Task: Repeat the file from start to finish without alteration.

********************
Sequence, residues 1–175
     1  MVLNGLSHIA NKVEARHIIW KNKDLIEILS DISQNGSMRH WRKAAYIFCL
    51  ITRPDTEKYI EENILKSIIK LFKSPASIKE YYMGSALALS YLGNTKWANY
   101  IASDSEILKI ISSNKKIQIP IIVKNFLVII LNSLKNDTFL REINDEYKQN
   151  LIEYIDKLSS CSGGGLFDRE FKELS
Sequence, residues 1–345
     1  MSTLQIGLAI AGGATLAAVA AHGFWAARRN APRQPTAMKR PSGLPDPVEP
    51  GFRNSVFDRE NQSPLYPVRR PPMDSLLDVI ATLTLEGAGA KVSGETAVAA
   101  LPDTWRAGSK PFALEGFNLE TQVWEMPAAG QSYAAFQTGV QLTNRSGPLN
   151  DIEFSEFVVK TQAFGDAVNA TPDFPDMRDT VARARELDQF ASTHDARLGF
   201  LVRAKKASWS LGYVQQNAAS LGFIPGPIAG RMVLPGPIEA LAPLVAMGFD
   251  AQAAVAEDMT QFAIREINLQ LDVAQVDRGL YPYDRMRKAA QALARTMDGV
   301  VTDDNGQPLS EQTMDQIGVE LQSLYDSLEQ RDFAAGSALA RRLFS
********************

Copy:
Sequence, residues 1–175
     1  MVLNGLSHIA NKVEARHIIW KNKDLIEILS DISQNGSMRH WRKAAYIFCL
    51  ITRPDTEKYI EENILKSIIK LFKSPASIKE YYMGSALALS YLGNTKWANY
   101  IASDSEILKI ISSNKKIQIP IIVKNFLVII LNSLKNDTFL REINDEYKQN
   151  LIEYIDKLSS CSGGGLFDRE FKELS
Sequence, residues 1–345
     1  MSTLQIGLAI AGGATLAAVA AHGFWAARRN APRQPTAMKR PSGLPDPVEP
    51  GFRNSVFDRE NQSPLYPVRR PPMDSLLDVI ATLTLEGAGA KVSGETAVAA
   101  LPDTWRAGSK PFALEGFNLE TQVWEMPAAG QSYAAFQTGV QLTNRSGPLN
   151  DIEFSEFVVK TQAFGDAVNA TPDFPDMRDT VARARELDQF ASTHDARLGF
   201  LVRAKKASWS LGYVQQNAAS LGFIPGPIAG RMVLPGPIEA LAPLVAMGFD
   251  AQAAVAEDMT QFAIREINLQ LDVAQVDRGL YPYDRMRKAA QALARTMDGV
   301  VTDDNGQPLS EQTMDQIGVE LQSLYDSLEQ RDFAAGSALA RRLFS